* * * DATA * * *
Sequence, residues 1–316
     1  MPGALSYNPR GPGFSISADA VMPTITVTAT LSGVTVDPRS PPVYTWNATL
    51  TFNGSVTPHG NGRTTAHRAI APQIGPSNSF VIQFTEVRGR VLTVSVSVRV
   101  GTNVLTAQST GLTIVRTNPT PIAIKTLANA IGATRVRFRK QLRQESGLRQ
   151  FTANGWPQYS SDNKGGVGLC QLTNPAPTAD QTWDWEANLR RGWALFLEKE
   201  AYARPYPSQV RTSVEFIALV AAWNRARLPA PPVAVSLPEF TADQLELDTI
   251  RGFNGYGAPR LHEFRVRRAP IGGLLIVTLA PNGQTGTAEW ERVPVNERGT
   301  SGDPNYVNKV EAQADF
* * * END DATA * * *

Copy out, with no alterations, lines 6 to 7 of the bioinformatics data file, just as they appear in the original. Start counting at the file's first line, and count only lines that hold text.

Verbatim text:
   201  AYARPYPSQV RTSVEFIALV AAWNRARLPA PPVAVSLPEF TADQLELDTI
   251  RGFNGYGAPR LHEFRVRRAP IGGLLIVTLA PNGQTGTAEW ERVPVNERGT